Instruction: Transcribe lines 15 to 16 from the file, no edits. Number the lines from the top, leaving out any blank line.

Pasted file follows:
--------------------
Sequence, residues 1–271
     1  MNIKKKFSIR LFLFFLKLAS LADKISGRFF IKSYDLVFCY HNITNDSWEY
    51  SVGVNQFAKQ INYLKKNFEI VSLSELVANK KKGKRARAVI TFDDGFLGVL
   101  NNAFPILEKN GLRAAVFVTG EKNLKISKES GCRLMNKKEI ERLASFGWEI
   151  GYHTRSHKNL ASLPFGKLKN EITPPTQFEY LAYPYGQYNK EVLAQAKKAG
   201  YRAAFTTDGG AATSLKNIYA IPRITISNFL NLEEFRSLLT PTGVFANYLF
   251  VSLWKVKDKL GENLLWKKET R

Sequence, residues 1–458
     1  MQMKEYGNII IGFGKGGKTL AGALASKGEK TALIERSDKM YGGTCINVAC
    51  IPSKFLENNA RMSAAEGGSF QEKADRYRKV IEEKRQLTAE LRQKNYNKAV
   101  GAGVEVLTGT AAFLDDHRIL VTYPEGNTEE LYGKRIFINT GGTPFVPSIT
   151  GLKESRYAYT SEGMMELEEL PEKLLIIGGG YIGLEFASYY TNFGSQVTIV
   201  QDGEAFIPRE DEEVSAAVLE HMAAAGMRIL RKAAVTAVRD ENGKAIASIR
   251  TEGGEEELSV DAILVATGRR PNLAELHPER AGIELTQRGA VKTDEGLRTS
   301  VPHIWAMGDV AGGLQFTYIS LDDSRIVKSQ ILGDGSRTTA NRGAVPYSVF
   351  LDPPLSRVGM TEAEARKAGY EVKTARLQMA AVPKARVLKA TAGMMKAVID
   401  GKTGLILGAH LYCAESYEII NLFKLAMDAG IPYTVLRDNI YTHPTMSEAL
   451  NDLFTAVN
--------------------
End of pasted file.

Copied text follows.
   301  VPHIWAMGDV AGGLQFTYIS LDDSRIVKSQ ILGDGSRTTA NRGAVPYSVF
   351  LDPPLSRVGM TEAEARKAGY EVKTARLQMA AVPKARVLKA TAGMMKAVID